14/12/2012, Tunisia

It is with a certain degree of satisfaction that I can inform you all that we separated Chinook from her 12 ton ballast keel today and all without incident. I wonder if it is the first time in 96 years? Anyway, it is a necessary task in order to remove all doubt about the fastenings and to ensure that she will have a new long life ahead of her. The keel has been slowly inching it's way towards the shed door all day and we hope to have it outside by the end of tomorrow.

More news and photos on Sunday.

Jono

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16/12/2012 | Graham
Well done Jono, quite a task, and a giant step forward, congratulations to all!
Looking forward to further news and photos, and seeing you again in the New Year!
Take care!
Very best regards
Graham.
Week 42
Jonathan Greenwood
10/12/2012, Tunisia

Week 42 ended with Sandra and I in Paris for the boat show. It was an eagerly awaited opportunity to catch up for a chat and a drink with friends, ask some pertinent questions, dribble over the latest technology and, most of all, eat pork! Dinner with Jean Rene and friends was great, but unfortunately the "Dali exhibition" at "Le Centre Pompidou", so eagerly looked forward to by Sandra, proved to be a total failure. We queued for an hour and a half and then found out that we had to queue for another hour and a half to get in. By that stage the sore feet, cold, and hunger pangs were too much to bear. We did have a nice view of Paris from the top of the building though.
We started the repair on the original bowsprit cone as it is really not so badly damaged. It is galvanised steel so a bit of cut and shut will sort it out. The construction of the new galley is advancing nicely and we have started to prepare the first layer of the ply deck. The 14 mast hoops have been glued, copper riveted, and treated with epoxy to seal them. Next stage will be leather. The first batch of bronze parts has been shipped from the States and I hope it will arrive before we head home on the 18th. The preparations for removing the ballast keel are nearly finished and I expect to separate it from the boat sometime this week. The tanks are in the finishing stage and we will see things come together fairly quickly from here.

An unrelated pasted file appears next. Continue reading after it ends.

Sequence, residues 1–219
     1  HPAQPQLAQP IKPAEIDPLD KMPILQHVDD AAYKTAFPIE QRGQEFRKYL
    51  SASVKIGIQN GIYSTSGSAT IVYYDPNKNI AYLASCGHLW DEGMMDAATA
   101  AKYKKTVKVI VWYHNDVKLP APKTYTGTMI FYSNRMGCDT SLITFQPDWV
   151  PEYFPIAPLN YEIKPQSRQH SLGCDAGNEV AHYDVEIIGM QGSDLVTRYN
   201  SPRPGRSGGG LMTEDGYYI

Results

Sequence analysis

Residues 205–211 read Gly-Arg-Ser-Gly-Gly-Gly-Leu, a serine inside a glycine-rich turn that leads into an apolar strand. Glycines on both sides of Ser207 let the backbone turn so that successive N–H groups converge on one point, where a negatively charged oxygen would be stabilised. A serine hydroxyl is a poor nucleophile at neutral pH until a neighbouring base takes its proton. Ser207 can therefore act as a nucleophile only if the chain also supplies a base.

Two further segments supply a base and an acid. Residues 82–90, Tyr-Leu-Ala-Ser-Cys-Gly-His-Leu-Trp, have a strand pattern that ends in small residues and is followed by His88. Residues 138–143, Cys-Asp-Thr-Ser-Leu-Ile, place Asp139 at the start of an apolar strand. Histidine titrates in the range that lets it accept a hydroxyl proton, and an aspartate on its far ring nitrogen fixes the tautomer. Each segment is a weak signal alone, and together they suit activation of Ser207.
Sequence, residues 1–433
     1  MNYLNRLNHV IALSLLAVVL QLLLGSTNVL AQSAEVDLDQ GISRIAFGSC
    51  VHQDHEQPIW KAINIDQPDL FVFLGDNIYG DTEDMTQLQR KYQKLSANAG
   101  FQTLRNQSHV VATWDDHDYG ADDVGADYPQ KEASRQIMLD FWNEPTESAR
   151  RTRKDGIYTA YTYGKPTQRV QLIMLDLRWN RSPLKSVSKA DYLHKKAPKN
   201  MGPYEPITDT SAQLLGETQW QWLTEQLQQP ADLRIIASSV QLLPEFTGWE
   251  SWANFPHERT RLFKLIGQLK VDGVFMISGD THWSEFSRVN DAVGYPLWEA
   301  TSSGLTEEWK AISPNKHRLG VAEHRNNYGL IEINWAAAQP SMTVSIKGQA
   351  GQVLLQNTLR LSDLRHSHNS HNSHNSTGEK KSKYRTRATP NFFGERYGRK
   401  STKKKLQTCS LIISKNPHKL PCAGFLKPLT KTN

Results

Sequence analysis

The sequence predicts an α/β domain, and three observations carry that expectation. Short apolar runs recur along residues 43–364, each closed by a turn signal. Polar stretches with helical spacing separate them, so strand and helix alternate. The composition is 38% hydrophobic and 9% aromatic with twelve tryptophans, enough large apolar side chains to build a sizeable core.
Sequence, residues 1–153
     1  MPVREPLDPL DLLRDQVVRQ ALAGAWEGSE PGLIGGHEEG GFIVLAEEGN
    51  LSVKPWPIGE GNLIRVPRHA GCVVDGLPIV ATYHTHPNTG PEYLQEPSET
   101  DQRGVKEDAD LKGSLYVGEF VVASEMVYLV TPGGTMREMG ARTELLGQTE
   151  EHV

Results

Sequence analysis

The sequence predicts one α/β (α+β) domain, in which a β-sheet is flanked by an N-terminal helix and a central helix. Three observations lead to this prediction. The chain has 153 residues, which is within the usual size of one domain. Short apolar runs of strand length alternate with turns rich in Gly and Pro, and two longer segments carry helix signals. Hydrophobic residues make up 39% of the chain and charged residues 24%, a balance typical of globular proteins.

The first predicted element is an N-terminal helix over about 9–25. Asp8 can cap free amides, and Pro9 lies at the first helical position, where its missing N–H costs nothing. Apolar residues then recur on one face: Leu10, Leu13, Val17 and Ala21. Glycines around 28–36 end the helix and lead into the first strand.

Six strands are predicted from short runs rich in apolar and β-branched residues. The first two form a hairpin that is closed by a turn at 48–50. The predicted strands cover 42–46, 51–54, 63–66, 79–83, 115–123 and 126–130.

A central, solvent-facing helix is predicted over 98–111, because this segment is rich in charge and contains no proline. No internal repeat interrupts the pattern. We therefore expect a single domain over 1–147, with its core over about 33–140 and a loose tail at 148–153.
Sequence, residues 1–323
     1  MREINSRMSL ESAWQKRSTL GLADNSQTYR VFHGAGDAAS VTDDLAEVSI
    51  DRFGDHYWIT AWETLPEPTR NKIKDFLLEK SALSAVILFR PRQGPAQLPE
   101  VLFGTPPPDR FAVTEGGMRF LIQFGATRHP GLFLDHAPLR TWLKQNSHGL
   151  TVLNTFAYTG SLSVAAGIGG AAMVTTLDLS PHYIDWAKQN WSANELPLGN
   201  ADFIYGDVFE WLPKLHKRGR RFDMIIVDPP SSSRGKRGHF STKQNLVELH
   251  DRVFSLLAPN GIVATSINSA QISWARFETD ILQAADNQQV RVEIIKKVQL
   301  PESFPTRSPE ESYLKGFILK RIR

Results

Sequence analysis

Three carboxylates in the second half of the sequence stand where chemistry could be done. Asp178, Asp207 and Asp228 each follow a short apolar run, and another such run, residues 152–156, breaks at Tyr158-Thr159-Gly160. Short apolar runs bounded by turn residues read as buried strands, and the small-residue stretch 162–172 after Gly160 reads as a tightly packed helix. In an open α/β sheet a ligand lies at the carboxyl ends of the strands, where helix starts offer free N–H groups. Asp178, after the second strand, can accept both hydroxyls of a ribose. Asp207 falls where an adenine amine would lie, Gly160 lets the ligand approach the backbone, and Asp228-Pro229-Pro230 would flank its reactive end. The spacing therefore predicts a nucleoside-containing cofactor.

Jono

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Week 41
Jonathan Greenwood
02/12/2012, Tunisia

As I write this, the fleet of the Panerai Classic, which just left Cascais in Portugal a few hours ago, have begun their fantastic adventure and our thoughts are with our friends on "The Blue Peter" many of whom are regular "Rowdy crew". We wish them a safe and successful crossing and follow their progress with much envy.
Meanwhile, back at the Chinook restoration, more good advances have been made this past week. All the openings in the deck have been made, excepting the companionway, and the cockpit structure is now in place. All lateral bulkheads, new and old, have been fitted and the floor line has been located throughout the accommodation, with the galley floor now fitted in order to mark out the work tops. The new nav station has been designed. The original layout didn't have one and I am happy that we have not strayed too far from th. The engine is in the process of being positioned and to my dismay it will most likely end up a little further forward than I would have liked. Good for the weight distribution in the boat but not so good for the internal layout. There may be a way to overcome this but it will require a bit more scratching of my ever increasing bald patch!
We are also building a very long ramp which will allow us to remove the ballast keel from under the boat without too much effort, I hope! The idea is to jack up the build cradle, boat and all, using the four 12 ton jacks that are fixed to the corners of it. At max height, we will then chock the hull independently of the cradle. Once the hull is secure, the keel bolts will be severed between deadwood and lead allowing us to jack down the 12 tons of lead and put it on special rollers for its trip down the ramp and out of the shed door. Once free of the lead, the cradle can then go back up to bring the hull back down to a suitable height for the continuation of the fit out. The manoeuvre is planned for the end of the coming week and I hope to refit the keel by the end of January with new aluminium bronze bolts which are in fabrication.